PHILADELPHIA — The union representing journalists at Philadelphia’s two major newspapers said Thursday that it will bargain a new contract to help prevent the troubled company from being liquidated.
Local Newspaper Guild leaders made the announcement after meeting with executives of Interstate General Media LLC, the group that owns The Philadelphia Inquirer and Daily News and the website Philly.com.
Interstate had threatened last week to liquidate or sell its assets unless it got new labor agreements with all 11 unions by Friday, according to the Guild.
Ten unions have been working without contracts since October; the current Guild contract expires this coming October. On Thursday, the Guild agreed to negotiate a new deal while keeping current provisions in force.
Toyota, plaintiffs reach deal in wrongful-death lawsuit
LOS ANGELES — Toyota Motor Corp. has settled what was to be the first in a group of hundreds of pending wrongful-death and injury lawsuits involving sudden, unintended acceleration by Toyota vehicles, a company spokesman said Thursday.
Toyota reached the deal in the case brought by the family of Paul Van Alfen and Charlene Jones Lloyd, spokeswoman Celeste Migliore said. They died when their Toyota Camry slammed into a wall in Utah in 2010.
Ms. Migliore would not disclose the financial terms, and plaintiffs’ attorney Robert Krause did not immediately reply to a phone message.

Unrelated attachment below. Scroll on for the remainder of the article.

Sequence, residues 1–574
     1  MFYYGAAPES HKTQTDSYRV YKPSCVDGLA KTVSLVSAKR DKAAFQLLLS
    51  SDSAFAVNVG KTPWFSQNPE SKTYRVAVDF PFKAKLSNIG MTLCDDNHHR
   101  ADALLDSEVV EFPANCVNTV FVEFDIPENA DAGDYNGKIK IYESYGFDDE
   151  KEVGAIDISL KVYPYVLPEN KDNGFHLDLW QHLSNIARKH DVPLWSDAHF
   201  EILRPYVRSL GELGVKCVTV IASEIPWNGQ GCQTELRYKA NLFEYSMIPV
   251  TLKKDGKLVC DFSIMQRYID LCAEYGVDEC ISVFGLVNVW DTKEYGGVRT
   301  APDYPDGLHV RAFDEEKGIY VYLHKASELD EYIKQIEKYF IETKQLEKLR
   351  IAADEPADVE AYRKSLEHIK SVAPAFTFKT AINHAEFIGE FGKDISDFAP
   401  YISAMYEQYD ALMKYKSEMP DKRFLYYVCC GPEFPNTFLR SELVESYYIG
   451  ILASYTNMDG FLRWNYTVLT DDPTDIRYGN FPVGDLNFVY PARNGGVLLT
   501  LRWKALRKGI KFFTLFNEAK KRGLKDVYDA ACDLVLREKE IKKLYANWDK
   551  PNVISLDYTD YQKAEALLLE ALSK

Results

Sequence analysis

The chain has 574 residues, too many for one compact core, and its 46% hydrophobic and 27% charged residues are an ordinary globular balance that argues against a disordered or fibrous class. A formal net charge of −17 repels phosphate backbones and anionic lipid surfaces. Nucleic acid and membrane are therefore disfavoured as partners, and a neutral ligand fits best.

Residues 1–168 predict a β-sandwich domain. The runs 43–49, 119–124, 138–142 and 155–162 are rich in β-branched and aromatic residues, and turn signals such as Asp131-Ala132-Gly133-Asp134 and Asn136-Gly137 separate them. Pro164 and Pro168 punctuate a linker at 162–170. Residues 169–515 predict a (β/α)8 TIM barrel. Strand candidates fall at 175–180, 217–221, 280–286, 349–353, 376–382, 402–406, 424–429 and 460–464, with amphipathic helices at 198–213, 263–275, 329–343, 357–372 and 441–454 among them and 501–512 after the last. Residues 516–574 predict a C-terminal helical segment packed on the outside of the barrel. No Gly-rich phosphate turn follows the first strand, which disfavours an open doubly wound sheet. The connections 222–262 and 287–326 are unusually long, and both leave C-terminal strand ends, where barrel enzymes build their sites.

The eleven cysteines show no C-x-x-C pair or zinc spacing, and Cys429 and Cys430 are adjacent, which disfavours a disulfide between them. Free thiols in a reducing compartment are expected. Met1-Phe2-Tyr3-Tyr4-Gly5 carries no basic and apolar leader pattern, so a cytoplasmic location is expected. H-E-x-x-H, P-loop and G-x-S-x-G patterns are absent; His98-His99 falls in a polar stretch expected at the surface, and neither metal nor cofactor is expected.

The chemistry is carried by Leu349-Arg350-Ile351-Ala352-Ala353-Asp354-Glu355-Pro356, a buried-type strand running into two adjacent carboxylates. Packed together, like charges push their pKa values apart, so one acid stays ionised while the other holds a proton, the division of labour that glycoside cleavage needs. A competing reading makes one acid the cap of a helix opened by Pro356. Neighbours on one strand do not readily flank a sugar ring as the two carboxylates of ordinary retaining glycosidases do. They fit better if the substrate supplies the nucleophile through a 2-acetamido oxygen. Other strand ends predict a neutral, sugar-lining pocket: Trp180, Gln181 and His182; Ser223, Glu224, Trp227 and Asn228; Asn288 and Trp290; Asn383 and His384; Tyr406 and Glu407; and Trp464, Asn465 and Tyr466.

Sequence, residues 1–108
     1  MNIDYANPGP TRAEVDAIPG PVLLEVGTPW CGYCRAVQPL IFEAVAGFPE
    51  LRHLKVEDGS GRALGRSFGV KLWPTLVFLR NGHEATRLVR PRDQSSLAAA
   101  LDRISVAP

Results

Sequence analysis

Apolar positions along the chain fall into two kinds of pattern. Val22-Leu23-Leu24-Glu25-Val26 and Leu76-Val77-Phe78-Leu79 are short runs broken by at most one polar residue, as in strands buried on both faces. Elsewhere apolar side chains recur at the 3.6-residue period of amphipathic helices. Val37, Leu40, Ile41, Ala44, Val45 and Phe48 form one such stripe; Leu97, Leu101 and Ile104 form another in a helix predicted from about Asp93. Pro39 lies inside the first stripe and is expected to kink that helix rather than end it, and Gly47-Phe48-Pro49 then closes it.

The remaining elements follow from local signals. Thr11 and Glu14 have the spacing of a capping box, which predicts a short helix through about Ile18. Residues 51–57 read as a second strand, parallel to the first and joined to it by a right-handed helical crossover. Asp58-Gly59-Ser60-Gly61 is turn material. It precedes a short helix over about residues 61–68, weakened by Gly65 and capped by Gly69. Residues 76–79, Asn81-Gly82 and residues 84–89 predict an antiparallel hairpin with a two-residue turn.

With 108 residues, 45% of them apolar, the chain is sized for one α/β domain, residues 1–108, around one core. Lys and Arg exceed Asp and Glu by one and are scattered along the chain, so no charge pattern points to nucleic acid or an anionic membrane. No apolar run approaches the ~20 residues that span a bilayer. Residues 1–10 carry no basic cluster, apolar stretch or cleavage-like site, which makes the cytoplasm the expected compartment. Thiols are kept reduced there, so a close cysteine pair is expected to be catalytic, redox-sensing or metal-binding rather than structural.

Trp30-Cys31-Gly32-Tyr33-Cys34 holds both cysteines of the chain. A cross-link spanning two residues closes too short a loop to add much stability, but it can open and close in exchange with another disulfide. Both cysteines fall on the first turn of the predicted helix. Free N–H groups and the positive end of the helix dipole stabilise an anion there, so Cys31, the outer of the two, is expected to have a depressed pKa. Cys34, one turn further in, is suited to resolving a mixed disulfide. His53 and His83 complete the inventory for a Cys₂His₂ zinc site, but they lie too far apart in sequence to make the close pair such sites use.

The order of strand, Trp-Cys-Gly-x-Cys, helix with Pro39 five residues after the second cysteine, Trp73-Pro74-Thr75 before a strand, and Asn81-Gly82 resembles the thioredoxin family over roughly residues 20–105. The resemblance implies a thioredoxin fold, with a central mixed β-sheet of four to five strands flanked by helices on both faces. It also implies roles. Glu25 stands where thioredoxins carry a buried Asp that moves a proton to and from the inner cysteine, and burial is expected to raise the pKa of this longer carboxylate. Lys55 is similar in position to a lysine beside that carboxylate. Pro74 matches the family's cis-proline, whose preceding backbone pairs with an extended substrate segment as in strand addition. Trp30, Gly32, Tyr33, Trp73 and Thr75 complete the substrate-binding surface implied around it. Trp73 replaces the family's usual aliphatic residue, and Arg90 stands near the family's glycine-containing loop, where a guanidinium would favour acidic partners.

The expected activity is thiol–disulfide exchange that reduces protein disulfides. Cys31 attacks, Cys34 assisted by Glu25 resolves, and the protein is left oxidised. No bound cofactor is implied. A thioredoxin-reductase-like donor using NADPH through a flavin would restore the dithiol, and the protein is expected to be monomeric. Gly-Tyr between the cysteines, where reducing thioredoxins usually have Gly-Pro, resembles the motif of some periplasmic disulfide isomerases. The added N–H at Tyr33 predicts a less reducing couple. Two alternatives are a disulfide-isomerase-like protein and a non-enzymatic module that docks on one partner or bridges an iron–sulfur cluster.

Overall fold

American unveils new design for planes
DALLAS — American Airlines is getting a new look.
The airline showed off the first plane bearing a new logo and paint job at Dallas-Fort Worth International Airport on Thursday.
The familiar red, white and blue stripes along the side of the fuselage are gone, replaced by a new logo and “American” in large letters on the silver body. Red and blue horizontal bars are emblazoned on the tail.
“We thought it was time to update the look — it’s been 40 years,” Thomas Horton, CEO of American’s parent, AMR Corp., said.
AT&T takes $10 billion loss to cover pension plan
NEW YORK — AT&T said Thursday that it would take a $10 billion write-down on its fourth quarter earnings to cover accounting losses in its pension funds because of lower-than-expected interest rates.
The No. 2 U.S. wireless carrier said a lowered estimation of what it will earn on assets resulted “in an actuarial loss of approximately $12.0 billion,” which will result in the $10 billion pre-tax write-off.
• From wire dispatches and staff reports